“Come From Away” Looks at 9/11 Compassionately and Hopefully

Photo by KM Nowosad of Let’s Go to the Theater

Come From Away is a Hit this Spring 2017 Broadway Season

Although 9/11/2001 was 16 years ago, memories are still fresh in the minds of many people. You don’t see much theater dealing with this topic. So when I read that this show, Come From Away, was trying to make its way to Broadway, I was a little skeptical. Could a musical portray what happened that day in a compassionate way without being too dark?  It took a long time for the country to recover. So what approach would a show use? Would it offer hope for the future?

The good news is that it does all of the above and more. Come From Away officially opened at Broadway’s Schubert Theater to some very fine reviews on March 12. I grabbed an available ticket during the previews because I did not want to miss a chance to see it. It was a very enjoyable show because it handles a difficult topic in a unique manner.

Irene Kankoff and David Hein wrote the book, music, and lyrics.

The story centers on the 38 airplanes redirected from their intended international destinations to Gander, Newfoundland.  The location is a small rural village. However, the residents provided almost 7,000 stranded passengers and some pets with shelter, food, phones and moral support for about five days. Story lines about some of the passengers featured throughout the show include one mother whose son is a fire fighter in NYC.  Another is a woman pilot who worked her way up the ranks.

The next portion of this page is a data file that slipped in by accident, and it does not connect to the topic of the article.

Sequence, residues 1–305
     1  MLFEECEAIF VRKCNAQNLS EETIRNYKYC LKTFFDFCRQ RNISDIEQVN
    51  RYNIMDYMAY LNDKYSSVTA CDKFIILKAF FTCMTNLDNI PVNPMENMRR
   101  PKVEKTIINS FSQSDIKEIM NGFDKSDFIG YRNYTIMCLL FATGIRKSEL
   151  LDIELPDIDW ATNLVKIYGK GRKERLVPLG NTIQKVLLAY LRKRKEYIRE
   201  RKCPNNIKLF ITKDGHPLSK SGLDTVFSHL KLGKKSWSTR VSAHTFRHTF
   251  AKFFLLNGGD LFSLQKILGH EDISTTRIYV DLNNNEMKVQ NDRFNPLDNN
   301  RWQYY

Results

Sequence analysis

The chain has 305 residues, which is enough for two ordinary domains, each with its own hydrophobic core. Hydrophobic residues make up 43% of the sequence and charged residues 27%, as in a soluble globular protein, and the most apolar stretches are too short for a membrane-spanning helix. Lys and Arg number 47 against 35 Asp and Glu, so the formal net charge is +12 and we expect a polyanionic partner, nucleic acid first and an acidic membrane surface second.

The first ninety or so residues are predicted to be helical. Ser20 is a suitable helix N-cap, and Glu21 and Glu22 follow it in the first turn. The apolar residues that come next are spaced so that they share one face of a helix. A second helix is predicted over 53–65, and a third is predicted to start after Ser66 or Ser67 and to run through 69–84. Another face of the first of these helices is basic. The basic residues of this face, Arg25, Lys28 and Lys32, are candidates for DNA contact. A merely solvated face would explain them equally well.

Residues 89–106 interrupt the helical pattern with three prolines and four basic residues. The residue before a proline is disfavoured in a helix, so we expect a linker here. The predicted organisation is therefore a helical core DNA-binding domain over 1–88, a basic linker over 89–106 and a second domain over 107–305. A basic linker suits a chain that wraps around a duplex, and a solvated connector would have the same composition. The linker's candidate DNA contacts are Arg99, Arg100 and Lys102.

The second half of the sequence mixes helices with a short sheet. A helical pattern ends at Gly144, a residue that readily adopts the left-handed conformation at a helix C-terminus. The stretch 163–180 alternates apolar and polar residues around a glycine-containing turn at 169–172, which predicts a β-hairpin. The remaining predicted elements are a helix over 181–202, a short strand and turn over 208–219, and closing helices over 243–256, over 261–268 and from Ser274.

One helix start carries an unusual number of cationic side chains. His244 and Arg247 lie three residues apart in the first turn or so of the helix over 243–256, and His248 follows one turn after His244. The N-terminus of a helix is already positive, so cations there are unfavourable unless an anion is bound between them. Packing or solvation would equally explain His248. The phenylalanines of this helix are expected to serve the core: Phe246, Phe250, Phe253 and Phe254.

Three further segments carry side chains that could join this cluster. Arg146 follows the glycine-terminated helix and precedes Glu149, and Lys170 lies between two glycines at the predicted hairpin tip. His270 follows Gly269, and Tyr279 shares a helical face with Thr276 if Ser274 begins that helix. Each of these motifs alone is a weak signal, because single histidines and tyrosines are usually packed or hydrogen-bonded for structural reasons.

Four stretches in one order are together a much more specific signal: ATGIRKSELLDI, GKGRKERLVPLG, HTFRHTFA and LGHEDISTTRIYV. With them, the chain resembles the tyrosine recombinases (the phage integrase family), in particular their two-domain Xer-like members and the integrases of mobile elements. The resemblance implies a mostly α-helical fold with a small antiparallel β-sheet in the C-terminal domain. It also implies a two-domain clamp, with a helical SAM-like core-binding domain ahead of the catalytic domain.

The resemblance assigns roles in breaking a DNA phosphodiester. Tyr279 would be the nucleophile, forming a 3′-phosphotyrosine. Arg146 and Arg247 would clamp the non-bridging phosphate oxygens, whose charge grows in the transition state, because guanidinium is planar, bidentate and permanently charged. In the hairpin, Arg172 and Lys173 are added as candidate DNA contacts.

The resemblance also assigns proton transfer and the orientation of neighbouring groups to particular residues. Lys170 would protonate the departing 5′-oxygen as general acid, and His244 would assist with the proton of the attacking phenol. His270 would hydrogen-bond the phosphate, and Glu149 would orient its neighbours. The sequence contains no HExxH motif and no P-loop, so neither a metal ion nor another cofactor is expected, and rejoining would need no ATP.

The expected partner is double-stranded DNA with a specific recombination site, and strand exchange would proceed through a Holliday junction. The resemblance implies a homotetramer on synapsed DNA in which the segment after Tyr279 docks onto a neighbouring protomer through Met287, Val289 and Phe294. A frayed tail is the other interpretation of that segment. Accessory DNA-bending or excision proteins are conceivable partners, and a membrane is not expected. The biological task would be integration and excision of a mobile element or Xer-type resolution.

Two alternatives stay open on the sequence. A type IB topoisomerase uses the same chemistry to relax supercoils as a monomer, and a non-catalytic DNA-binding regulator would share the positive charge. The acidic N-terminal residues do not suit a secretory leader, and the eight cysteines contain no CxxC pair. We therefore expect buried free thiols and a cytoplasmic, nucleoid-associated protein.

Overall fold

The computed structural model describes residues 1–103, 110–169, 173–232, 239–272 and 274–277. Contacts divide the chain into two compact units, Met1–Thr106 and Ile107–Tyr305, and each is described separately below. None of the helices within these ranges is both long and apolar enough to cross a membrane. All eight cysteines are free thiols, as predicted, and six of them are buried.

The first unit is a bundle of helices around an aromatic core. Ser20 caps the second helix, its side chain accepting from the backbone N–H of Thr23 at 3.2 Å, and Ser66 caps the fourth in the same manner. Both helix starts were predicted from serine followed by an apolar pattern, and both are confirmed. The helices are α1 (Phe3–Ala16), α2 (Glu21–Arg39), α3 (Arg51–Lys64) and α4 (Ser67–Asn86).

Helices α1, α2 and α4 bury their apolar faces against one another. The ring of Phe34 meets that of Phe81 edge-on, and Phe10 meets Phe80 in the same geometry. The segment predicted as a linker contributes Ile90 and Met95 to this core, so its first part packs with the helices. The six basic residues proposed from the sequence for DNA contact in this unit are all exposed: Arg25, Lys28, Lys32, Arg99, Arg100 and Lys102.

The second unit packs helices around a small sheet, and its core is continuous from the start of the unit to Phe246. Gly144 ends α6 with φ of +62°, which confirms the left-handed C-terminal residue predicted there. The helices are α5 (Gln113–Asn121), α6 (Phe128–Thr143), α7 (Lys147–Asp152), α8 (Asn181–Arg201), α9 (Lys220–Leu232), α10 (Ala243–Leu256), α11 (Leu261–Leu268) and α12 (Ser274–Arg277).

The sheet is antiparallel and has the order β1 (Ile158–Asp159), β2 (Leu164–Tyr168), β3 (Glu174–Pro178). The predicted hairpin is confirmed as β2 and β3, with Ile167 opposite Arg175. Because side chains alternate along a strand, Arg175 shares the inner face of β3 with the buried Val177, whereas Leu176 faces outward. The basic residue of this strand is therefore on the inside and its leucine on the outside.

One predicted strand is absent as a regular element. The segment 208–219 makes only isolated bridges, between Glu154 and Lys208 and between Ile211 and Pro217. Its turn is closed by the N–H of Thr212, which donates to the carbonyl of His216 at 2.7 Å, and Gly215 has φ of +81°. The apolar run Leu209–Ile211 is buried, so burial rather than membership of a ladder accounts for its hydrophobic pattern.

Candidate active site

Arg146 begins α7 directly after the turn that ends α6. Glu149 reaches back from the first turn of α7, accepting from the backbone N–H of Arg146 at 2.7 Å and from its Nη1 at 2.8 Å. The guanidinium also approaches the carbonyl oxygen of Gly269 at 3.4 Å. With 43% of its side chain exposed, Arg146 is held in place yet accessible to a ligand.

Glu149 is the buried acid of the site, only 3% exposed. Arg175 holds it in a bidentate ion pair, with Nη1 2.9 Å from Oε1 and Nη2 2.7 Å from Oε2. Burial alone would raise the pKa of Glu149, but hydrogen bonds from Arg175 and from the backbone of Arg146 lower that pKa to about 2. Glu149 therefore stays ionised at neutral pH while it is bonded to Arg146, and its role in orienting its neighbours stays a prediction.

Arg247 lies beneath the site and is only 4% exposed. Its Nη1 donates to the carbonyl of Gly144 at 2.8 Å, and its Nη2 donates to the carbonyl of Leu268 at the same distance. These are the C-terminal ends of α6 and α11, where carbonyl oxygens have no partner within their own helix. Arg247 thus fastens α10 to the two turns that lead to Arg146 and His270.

The music is combination of rock, celtic, and a bit of folk.  All songs are performed as group numbers. A few feature an individual cast member who tells their story. The ensemble approach works well in this show and it keeps the one hour, 40 minute production moving along without a slow moment. There is no intermission.

Obviously, one can see the compassion involved with the storyline, but where is the hope? It’s right there in the fact that people of all races, creeds, and colors can co-exist and help one another as actually happened during those five days. This show is a tribute to the fact that people are all just people down deep. Showing that care and respect for each person truly makes this show a joy to see.